What are the advantages and disadvantages to a firm of operating on a large scale?
Economies of scale fall under microeconomics and are the cost advantages a business obtains due to expansion. As scale is increased they cause a producers average cost per unit to fall. Microeconomics (from Greek prefix micro- meaning “small” and “economics”) is a branch of economics in which you study the behaviour of how the individual firms make decisions to allocate limited resources. Normally, it applies to markets where goods or services are being bought and sold.
Microeconomics examines looks at how these decisions affect the supply and demand for goods and services, which determines prices, and how prices, in turn, determine the amount supplied and quantity demanded of goods and services. Scale means big, large, massive etc. And as such gives us a clue to the nature of this topic. An economy of scale is a range of factors that can benefit large firms and allow them to have some competitive edge over their smaller rivals, and is not just about buying in bulk.
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In the following essay I will be exploring the advantages and disadvantages to firms of them operating on a large scale. Economies of scale occur when mass-producing a product results in a lower average cost. They can occur within a firm (internal) or within an industry (external). Internal economies of scale can be found in a firm as a consequence of mass-production. As firms produce more and more goods the average cost of the product begins to fall because of the following; technical economies created in production of the good e. . it will most likely be cost-effective to invest in more advanced production machinery, IT and software when operating on a larger scale as these resources can be used intensively. Also specialisation when working in a large workforce, the firm is likely to divide up the work and recruit people whose skills very closely match the requirements of the job e. g. specialist accountants and other workers to make sure they are maximising their profits and minimising any losses.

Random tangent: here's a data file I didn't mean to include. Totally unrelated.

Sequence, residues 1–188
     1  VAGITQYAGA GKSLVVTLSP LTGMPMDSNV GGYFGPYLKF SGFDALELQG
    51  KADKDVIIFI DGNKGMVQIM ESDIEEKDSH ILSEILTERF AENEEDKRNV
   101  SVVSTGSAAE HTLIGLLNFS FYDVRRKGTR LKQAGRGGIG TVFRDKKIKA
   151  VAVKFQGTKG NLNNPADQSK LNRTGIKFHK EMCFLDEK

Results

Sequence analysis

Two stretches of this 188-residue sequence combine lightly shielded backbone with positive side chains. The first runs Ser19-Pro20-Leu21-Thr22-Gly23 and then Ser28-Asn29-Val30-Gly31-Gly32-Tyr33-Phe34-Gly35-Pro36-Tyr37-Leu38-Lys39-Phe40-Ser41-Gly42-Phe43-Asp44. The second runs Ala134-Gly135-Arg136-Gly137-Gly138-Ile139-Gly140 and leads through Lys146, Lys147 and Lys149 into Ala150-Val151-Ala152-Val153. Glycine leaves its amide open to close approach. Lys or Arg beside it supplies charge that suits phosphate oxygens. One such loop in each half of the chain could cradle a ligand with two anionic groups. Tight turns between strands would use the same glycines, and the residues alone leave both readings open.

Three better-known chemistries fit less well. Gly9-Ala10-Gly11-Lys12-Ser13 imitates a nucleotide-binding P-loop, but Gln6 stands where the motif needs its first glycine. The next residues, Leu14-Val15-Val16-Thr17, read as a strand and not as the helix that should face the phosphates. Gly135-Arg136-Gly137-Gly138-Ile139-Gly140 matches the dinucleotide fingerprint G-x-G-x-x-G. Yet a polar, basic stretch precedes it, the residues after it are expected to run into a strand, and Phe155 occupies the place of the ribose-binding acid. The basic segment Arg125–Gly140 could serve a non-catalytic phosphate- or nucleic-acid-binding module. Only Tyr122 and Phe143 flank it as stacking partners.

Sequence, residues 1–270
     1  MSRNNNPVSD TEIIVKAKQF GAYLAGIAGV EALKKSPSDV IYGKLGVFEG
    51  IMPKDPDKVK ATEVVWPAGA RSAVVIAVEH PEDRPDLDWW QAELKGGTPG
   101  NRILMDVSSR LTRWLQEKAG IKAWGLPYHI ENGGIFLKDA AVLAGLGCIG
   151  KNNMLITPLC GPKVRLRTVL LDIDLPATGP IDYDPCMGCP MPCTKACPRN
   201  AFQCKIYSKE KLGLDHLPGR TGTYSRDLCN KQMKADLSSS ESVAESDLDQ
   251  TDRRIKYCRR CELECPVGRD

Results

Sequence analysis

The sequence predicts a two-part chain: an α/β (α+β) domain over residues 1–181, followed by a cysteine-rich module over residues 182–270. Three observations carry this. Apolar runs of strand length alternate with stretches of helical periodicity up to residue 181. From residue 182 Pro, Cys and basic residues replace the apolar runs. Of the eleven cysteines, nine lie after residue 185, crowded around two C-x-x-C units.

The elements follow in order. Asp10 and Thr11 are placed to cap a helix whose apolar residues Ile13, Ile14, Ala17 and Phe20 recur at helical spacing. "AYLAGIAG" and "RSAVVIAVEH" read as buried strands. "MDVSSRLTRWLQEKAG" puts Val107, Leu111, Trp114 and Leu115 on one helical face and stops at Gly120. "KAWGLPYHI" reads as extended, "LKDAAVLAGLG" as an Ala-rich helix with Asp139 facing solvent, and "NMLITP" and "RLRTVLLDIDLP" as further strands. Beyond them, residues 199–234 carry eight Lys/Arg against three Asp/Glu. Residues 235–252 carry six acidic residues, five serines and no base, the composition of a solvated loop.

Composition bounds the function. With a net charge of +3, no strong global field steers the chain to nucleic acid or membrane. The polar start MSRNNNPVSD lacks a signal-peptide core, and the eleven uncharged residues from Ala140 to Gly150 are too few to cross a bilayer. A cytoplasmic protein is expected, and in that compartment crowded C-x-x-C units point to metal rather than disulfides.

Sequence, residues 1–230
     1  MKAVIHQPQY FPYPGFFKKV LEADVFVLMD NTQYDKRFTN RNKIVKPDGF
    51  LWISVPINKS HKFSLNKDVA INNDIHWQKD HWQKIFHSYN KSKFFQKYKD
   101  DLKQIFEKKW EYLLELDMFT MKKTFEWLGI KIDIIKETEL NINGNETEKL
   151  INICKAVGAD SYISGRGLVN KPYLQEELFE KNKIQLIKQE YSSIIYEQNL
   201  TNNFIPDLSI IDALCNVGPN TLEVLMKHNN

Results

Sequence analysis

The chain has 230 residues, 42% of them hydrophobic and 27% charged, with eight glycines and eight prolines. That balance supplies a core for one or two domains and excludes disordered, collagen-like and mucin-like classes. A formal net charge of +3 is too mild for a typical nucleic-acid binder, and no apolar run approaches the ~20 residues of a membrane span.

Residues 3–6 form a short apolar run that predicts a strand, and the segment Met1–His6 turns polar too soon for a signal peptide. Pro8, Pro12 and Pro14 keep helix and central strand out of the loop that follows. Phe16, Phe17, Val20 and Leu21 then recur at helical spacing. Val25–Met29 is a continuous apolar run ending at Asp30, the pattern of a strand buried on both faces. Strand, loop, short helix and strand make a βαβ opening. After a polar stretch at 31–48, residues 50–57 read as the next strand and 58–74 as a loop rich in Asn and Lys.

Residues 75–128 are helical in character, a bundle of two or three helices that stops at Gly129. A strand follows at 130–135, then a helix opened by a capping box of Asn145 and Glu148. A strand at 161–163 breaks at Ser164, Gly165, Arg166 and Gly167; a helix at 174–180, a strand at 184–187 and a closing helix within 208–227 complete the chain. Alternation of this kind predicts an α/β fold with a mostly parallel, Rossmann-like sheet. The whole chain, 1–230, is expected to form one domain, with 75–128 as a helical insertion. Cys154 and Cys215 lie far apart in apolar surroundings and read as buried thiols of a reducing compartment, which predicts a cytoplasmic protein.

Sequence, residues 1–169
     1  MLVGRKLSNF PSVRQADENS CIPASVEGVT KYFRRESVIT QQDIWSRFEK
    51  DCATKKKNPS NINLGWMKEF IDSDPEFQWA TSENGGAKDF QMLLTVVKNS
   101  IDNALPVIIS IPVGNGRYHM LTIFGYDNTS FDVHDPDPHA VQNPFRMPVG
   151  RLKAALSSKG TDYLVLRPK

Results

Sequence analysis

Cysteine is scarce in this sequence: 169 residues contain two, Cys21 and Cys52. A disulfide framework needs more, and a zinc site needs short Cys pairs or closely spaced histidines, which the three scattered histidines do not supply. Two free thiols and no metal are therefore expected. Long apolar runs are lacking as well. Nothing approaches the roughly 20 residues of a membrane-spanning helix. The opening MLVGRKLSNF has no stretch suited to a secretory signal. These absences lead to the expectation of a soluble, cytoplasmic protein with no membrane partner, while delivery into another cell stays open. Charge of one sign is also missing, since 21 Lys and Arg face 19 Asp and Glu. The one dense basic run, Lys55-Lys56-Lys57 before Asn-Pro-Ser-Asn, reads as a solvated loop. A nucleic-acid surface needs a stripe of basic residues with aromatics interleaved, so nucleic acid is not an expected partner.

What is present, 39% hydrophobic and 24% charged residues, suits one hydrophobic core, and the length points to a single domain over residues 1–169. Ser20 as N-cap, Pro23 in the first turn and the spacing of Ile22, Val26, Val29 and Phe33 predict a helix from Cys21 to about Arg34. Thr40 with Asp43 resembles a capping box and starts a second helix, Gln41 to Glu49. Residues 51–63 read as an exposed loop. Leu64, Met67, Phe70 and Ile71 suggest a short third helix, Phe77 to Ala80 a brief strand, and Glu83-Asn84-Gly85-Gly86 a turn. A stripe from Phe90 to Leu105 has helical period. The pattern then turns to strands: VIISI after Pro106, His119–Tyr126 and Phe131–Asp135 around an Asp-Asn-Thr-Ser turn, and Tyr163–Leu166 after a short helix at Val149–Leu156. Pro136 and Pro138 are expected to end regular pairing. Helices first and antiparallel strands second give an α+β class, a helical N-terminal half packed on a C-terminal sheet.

Some specialist machines are Indivisible as they cannot be broken down to do smaller jobs firms using more than one machine of different capacities are usually more efficient. Furthermore managerial economies form in the administration of a large firm by managerial positions being split and employing specialist salesmen, accountants, lawyers, production, and human resources. Larger firms can afford to have specialist managers for different functions within a business also they may be able to pay them higher salaries required to attract the best people for the job, leading to bettering the firm.
A wider range of finance options are available to larger firms, such as the stock market, bonds and other kinds of bank lending also a larger firm is likely to be seen by banks as a lower risk as apposed to a small firm and the cost of borrowing is likely to be lower for the firm. A lower interest rate in comparison to smaller firms is what leads to financial economies, as large firms can usually negotiate cheaper finance deals. Marketing economies are created when high costs of advertising on television and in national newspapers, across a large level of production.
This sort of advertising would not be cost effective for smaller firms, larger forms are also more likely to already have a good reputation which leads to people putting their trust in them rather than smaller firms. Commercial economies are made when buying supplies in bulk and therefore usually gaining a larger discount. Large firms can negotiate favourable prices which lead to them being able to sell at lower prices which are likely to increase their customer base as apposed to smaller firms.
However larger firms have advantages in keeping prices higher because of their market power. Research and development economies are made when developing new and better products. A larger firm can be safer from the risk of failure as it has a more diversified product range. Moreover larger firm may have greater resilience in the case of a downturn in its market because of larger reserves and greater possibility to make cutbacks. External economies of scale are economies made outside a firm as a result of location. They come about when a local skilled labour force is available.